Treece: Diagnosing inflationWritten by Ben Treece | | email@example.com
Since the 2008 crisis, gold bugs and other commodities investors have been announcing to the public that the dollar is doomed and metals are the only smart play in this troubled economy. While investors are noticing signs in the economy that are similar to inflation, the economics do not support the claim. As pointed out in both Inflation — the elephant in the room and Inflation or deflation: Yes, there is a very real chance that we could see inflation in the future; however we do not predict inflation being an economic problem in the next 6 months. We wanted to take some time and analyze why some investors fear inflation in the short-term and try to put those fears to rest.
Commodities are overbought
Following 2008, gold was a hot investment on fears that the Fed’s quantitative easing policies would destroy the value of the U.S. dollar. Along with precious metals, investors looked to other commodities such as agricultural goods and energy products such as oil, natural gas, etc. Food prices, especially corn, are very high right now, but that is due to a function of supply and demand more than inflation. Corn is not only a sought after agricultural good for consumers, but it also feeds livestock and is consumed in ethanol production. Due to increased demand and a lackluster growing season, corn has jumped in price, thus making it more expensive to feed livestock, resulting in higher meat prices. Transportation costs have also risen, making it more expensive to deliver food products to their final destination, resulting in higher prices. Remember, inflation is not the only factor that can cause commodity prices to spike; supply and demand can as well.
This gold-buying frenzy that has occurred in the last five years has resulted in the XAU (gold mining stock index) and bullion ratio, which historically sits at around 5, to jump to over 10.5 in recent weeks. We believe that this indicator will come back into balance, but for this to happen gold prices need to drop substantially, gold mining stocks need to rally, or some combination of the two. We believe the latter is the more likely case.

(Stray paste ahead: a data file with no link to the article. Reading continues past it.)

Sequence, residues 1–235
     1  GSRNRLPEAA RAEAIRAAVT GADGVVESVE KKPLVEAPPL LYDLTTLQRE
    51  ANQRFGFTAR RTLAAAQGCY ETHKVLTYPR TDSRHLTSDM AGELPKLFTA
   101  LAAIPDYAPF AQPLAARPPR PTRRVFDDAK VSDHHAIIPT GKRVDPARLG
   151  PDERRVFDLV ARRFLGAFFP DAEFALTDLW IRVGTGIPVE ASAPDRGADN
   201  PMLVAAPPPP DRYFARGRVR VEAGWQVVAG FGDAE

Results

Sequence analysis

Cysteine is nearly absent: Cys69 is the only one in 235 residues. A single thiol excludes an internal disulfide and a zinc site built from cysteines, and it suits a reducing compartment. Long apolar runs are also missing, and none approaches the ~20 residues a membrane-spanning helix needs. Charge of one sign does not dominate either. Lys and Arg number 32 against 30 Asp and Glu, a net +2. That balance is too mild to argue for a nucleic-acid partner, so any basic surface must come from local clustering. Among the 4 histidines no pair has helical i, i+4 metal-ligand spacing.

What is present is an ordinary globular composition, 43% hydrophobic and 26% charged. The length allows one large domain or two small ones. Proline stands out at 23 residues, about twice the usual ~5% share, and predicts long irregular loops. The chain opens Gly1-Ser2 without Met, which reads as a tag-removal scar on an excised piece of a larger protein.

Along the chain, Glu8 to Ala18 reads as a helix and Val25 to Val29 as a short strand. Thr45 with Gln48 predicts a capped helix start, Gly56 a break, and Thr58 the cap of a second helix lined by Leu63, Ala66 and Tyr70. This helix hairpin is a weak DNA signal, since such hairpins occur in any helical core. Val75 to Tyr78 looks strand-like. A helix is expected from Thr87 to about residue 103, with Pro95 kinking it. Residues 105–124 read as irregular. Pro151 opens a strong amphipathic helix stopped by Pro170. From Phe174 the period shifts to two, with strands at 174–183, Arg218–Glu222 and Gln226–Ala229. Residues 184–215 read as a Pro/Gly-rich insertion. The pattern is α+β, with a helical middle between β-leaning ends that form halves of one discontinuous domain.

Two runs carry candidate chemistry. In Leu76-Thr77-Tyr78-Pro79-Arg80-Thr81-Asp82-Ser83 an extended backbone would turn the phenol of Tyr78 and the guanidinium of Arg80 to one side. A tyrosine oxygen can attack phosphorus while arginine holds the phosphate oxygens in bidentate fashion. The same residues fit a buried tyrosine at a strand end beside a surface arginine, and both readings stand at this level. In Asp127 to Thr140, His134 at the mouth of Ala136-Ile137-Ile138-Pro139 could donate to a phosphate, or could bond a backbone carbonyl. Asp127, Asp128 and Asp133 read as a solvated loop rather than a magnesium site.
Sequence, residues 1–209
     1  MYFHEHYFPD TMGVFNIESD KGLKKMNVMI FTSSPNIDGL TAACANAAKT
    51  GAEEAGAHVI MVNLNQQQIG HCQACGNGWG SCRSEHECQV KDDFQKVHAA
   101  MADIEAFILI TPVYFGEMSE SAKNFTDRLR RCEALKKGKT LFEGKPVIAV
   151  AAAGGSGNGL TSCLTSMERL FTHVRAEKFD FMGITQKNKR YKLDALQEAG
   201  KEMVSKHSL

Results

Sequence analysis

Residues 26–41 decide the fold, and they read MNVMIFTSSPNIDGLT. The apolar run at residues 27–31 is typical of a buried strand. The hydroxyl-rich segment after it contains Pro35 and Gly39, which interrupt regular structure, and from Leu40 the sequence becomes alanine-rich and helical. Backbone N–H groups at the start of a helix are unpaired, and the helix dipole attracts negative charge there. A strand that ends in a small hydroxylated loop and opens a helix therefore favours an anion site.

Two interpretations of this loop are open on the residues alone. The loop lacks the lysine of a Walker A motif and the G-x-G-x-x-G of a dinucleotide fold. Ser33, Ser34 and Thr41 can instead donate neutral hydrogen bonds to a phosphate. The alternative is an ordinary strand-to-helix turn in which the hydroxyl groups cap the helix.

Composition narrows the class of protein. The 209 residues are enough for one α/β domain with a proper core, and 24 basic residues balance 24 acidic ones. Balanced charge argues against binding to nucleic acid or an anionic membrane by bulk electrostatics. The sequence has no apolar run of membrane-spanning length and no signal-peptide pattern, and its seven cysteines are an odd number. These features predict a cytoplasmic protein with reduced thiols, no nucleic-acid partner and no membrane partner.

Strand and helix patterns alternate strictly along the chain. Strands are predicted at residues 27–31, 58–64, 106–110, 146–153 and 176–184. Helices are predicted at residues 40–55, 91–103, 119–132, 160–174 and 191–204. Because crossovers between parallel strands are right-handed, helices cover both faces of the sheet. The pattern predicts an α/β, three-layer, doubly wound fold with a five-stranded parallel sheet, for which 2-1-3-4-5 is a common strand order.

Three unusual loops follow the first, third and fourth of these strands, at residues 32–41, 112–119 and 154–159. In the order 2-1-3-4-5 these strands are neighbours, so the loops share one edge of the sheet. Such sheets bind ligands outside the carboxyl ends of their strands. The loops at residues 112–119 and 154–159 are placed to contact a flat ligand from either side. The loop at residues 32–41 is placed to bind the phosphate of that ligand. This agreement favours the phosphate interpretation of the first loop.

The strength of the U.S. dollar
Despite all of the doom-and-gloomers out there, the USD has slowly crept up to a two-year high based on outlooks for manufacturing in the U.S. Typically, the price of gold and the value of the USD vary inversely. We believe that the value of the USD has justifiable economics substantiating its growth, while gold may simply be overbought. In short, a strong dollar hurts the inflation argument.
No borrowing means no inflation
Inflation is defined as growth in money supply exceeding economic growth. Few people realize it but growing the money supply is healthy for a growing economy. If economic activity is increasing but money supply is not, the value of your domestic currency becomes so strong that no foreign nations can afford to buy your products, and manufacturers are forced to sell goods for less than the cost of production in order to remain competitive, which leads to deflation, which leads to recessions. This is the major flaw with the argument for a Gold Standard. If a nation was using a precious metal such as gold for currency, they would only be able to grow their monetary base as fast as they could mine the mineral. While this makes excessive currency creation nearly impossible, it also makes necessary growth to the money supply absolutely impossible. For reference, look at the U.S. economy pre-Federal Reserve, before 1913. The U.S. averaged a depression every seven-10 years, partially due to this inability to grow the money supply as needed. In short, tying domestic currency to a tangible asset constrains economic growth.
As we have previously written, to have inflation we must have two factors: volume and velocity. After QE1 and QE2, we have the volume, but money is simply not turning over in the economy. Furthermore, corporations are sitting on trillions in cash and are unlikely to borrow until they see a tangible bottom in interest rates. Once rates begin to rise and borrowing ramps up, inflation may be a valid argument, but not yet.
Considering the observable factors in our domestic economy, we completely understand why the inflation argument is being made; however the fundamentals do not support this theory. If circumstances were to change, we could possibly see substantial inflation, but not in the short term. Although it is important to recognize the symptoms of inflation, it is far more important to properly diagnose it and adjust your portfolio accordingly.
Ben Treece is a 2009 graduate from the University of Miami (Fla.) with a bachelor of business administration degree in international finance and marketing. He is a partner with Treece Investment Advisory Corp (www.TreeceInvestments.com) and a stockbroker licensed with FINRA, working for Treece Financial Services Corp. The above information is the express opinion of Ben Treece and should not be construed as investment advice or used without outside verification.